By MORGAN MANNS
For The Courier
Orange fences. Piles of dirt. Big holes.
Traveling by Fostoria City Schools’ campus, one may think it’s a mess.
But officials say there is a method to the madness.
During a school board meeting Monday evening, Superintendent Andrew Sprang detailed some of the recent work going on around Fostoria Junior/Senior High and Fostoria Intermediate Elementary schools.
“The biggest question that any of us probably hear is, ‘What the heck is going on with all the dirt?’ There’s a lot of things going on there,” he said.
Directly to the east of FJSHS, three detention ponds were created for runoff control as a mandated part of the building project. Parking lot expansion is expected to take place on that side of campus, as well.
Other mounds of dirt are being stored on site for fill dirt to be used during the demolition process because, according to Sprang, it is cheaper to store it on site rather than haul it twice. Other parts of the mounds will become part of the landscaping.
Progress is also continuing at the two buildings. The 7-12 building is completely dried in, leaving work on the inside with the installation of metal studs, hanging of drywall, painting of walls, installation of ductwork and more.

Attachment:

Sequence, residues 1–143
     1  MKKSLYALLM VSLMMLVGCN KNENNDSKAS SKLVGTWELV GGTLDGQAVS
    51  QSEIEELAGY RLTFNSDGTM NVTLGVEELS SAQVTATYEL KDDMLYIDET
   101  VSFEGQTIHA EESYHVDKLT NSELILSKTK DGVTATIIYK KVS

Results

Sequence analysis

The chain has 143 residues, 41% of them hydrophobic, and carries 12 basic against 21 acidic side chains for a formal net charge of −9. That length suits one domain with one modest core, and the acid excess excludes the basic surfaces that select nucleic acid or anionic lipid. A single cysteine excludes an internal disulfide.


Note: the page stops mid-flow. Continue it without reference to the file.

Similar renovations are ongoing at the future Fostoria Elementary School building with lighting and painting.
“Everything is progressing really well,” Sprang said, adding he’ll share more information on the building project update as well as preparations for the 2019-20 academic year at next month’s meeting. “We’re on target for our completion dates.”
To help move the project along, the board on Monday accepted a resolution approving change orders at the new 7-12 and preK-6 buildings.
The orders include $690,883 at Fostoria Elementary for playground equipment and infrastructure not to exceed $205,000, and $200,513 at FJSHS for acoustical wall panels as well as sidewalk, fencing, lighting and mechanical items.
The costs also include technology bids at both buildings, which came in higher than expected.
Contingency funds will be used for the overages.
“We’re just tying up some loose ends,” Sprang explained. “We’re not asking for any additional money. That money comes from the project, which had contingency funds built in it. After you’re so far in the project, you can shift some of that money back into areas where it’s needed. So it says we’re ‘over budget,’ but we’re really not.”
The Ohio School Facilities Commission is funding 89 percent of the nearly $50 million project — $41,851,085 — leaving the district to pay $9,446,893.
The cost includes demolition of most of the junior/senior high school building, which was built in the 1970s, as well as Riley Elementary and Longfellow schools and the former Holmes Elementary School building.
The district will host an open house at Longfellow Elementary School from noon to 2 p.m. and at Riley Elementary School from 3 to 5 p.m., both on May 18. These events will allow people to walk through the buildings one last time before they are officially closed.
Community members can request to purchase a brick from the buildings once they are demolished.